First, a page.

Boston Fed President Eric Rosengren recently rattled markets when he warned that low-interest rates were increasing the temperature of the U.S. economy, which now runs the risk of overheating. That sunny opinion was echoed by several other Federal Reserve officials who are trying to portray an economy that is on a solid footing. And thus, prepare investors and consumers for an imminent rise in rates. But perhaps someone should check the temperatures of those at the Federal Reserve, the idea that this tepid economy is starting to sizzle could not be further from the truth.
In fact, recent data demonstrates that U.S. economic growth for the past three quarters has trickled in at a rate of just 0.9%, 0.8%, and 1.1% respectively. In addition, tax revenue is down year on year, S&P 500 earnings fell 6 quarters in a row and productivity has dropped for the last 3 quarters. And even though growth for the second half of 2016 is anticipated with the typical foolish optimism, recent data displays an economy that isn't doing anything other than stumbling towards recession.
The Institute for Supply Management Purchasing Manager's index for the manufacturing sector during August fell into contraction at 49.4, while the service sector fell to 51.4 compared to 55.5 in July, which was the lowest reading since February 2010 and the biggest monthly drop in eight years. And the recent jobs report was also full of disappointment too, with just 151,000 jobs created in August and a decline in the average work week and aggregate hours worked.
But our Federal Reserve is not the only central bank making statements troubling to stock and bond prices. The President of the European Central Bank (ECB), Mario Draghi, threw all the major averages into a tailspin at a recent press conference by failing to indulge markets with a grander scheme to destroy the euro. When asked if the ECB had talked about extending Quantitative Easing (QE) at its meeting, Draghi had the gall to make the egregiously hawkish announcement that they "did not discuss" anything in that regard. This mere absence of a discussion regarding extending or expanding QE caused the Dow to shed nearly 400 points on Friday and spiked the U.S. Ten-year from 1.52% to 1.68%. Indeed, stock and bond prices plunged across the globe.
It appears that nothing is ever enough to satisfy global stock and bond markets that are completely addicted to central bank stimulus. Mr. Draghi has managed to drive rates so low that they are now in effect paying European companies to borrow--yet markets want even more.
That's correct, it's no longer just sovereign debt that offers a negative yield. According to Bloomberg, French drug maker Sanofi just became the first nonfinancial private firm to issue debt at yields less than zero. Also, shorter-term notes of some junk-rated companies, including Peugeot and Heidelberg Cement, are yielding about zero percent.
Christopher Whittall of The Wall Street Journal reports that as of September 5th, €706 billion worth of investment-grade European corporate debt was trading at negative yields. This figure represents over 30% of the entire market, according to the trading platform Tradeweb. You can attribute this to the fact that global central bank balance sheets have increased to $21 trillion from $6 trillion in 2007, as central banks continue to flood the markets with $200 billion worth of QE every month.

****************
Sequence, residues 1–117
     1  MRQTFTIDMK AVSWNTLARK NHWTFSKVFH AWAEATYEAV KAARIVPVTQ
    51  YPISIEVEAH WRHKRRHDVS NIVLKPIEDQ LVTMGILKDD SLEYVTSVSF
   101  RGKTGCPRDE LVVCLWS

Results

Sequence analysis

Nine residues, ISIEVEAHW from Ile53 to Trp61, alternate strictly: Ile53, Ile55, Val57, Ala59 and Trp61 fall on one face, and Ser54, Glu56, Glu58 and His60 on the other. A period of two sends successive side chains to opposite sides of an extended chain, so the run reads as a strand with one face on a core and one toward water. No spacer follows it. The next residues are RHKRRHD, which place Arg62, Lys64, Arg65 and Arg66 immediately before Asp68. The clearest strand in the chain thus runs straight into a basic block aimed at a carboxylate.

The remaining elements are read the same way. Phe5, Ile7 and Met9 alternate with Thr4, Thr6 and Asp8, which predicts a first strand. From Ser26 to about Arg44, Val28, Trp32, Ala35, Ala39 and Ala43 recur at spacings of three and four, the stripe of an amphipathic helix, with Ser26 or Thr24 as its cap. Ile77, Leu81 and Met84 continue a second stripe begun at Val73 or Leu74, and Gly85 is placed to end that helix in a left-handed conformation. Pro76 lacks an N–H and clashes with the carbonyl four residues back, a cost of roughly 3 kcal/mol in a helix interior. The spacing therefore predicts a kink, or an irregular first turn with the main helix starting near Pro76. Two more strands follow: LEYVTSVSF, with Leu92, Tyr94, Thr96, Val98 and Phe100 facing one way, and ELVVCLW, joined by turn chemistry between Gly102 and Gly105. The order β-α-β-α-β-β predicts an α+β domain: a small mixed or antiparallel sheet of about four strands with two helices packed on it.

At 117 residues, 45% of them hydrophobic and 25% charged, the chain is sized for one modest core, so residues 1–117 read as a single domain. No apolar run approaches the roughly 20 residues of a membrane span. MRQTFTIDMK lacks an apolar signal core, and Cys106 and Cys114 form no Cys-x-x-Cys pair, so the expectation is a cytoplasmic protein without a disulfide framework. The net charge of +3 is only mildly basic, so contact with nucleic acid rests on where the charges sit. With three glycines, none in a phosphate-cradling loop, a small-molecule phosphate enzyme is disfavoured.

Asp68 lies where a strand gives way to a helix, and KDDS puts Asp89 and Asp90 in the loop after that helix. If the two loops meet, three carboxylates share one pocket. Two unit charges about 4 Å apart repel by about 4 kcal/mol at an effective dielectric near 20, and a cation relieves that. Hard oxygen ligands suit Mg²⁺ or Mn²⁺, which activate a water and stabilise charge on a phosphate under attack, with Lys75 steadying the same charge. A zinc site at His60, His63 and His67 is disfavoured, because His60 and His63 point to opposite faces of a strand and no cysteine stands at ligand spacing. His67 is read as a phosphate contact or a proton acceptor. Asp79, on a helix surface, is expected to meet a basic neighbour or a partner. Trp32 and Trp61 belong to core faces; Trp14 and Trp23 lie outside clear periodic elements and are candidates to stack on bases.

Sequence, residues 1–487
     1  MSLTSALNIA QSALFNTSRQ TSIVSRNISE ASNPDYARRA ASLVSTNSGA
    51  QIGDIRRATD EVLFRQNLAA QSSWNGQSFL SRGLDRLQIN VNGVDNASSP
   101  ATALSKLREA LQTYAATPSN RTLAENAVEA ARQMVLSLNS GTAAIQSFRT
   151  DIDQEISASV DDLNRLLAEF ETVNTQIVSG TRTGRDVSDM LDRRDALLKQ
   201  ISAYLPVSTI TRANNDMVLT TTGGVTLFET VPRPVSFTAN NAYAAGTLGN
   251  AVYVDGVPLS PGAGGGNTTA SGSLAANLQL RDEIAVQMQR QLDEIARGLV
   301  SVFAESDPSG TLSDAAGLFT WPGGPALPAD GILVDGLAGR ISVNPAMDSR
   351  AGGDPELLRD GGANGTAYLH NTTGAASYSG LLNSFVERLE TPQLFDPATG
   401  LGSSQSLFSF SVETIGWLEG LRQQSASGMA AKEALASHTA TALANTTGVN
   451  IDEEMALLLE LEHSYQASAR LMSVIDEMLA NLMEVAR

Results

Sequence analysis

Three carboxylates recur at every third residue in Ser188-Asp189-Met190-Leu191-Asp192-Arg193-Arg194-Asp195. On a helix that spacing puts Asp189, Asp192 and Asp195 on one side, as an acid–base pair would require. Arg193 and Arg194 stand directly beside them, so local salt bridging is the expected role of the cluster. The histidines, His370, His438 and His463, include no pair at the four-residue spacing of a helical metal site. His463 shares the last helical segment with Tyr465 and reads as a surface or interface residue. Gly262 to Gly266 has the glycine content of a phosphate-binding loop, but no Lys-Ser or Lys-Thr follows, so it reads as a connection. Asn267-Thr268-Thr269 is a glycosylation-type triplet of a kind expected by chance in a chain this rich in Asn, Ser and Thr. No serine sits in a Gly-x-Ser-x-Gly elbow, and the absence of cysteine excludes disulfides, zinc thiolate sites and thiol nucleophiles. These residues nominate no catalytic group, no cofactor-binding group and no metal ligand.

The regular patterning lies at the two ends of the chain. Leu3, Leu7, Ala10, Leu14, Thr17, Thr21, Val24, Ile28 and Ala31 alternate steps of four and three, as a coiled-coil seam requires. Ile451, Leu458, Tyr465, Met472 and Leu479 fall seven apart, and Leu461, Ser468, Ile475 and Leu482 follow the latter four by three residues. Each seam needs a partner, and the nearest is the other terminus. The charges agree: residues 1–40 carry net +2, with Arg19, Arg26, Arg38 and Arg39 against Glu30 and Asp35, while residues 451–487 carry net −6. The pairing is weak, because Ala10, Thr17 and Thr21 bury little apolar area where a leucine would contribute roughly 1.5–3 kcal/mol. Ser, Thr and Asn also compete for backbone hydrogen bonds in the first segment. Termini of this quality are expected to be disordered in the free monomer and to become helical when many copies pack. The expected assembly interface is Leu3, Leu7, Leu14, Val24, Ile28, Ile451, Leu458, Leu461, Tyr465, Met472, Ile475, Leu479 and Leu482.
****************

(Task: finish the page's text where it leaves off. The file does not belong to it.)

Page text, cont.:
The bond bubble has now reached epic proportions and its membrane has been stretched so thin that it has finally started to burst. As mentioned, not only did U.S. yields spike on the Draghi disappointment but the Japanese Ten-year leaped close to positive territory from the all-time low of -0.3% in late July. And the German Ten-year actually bounced back into positive territory for the first time since July 22nd.
What did Mario Draghi say that was so unsettling to the Global bond market and caused speculators that have been front-running the central bank's bid for the last eight years to panic? He didn't avow to sell assets; he didn't even promise to reduce the 80 billion euros worth of bond buying each month. All he did was fail to offer a guarantee that the pace of the current bond buying scheme would be increased or extended beyond March 2017. That alone was enough to cause yields around the globe to spike and stock markets to plunge.
This is merely the prelude of what is to come once the ECB and Bank of Japan reverse their monetary stimuli; or when the Fed actually begins its rate normalization campaign. Just for the record, the Fed's first hike in ten years, which occurred last December, does not count as a tightening cycle.
The bond bubble has grown so immense that if, or when, central banks ever begin to reverse monetary policy it will cause yields to spike across the globe. But as recent trading volatility has proved, it won't just be bond prices that collapse; it will be every asset that is priced off that so called "risk free rate of return" offered by sovereign debt. The painful lesson will then be learned that negative yielding sovereign debt wasn't at all risk free. All of the asset prices negative interest rates have so massively distorted including; corporate debt, municipal bonds, REITs, CLOs, equities, commodities, luxury cars, art, all fixed income assets and their proxies, and everything in between will fall concurrently along with the global economy.
Perhaps after this next economic collapse central banks will deploy even more creative ways to increase their hegemony and destroy wealth; such as banning physical currency and spreading electronic helicopter money around the world. In the interim, having a portfolio that hedges against extreme cycles of both inflation and deflation is essential for preserving your wealth.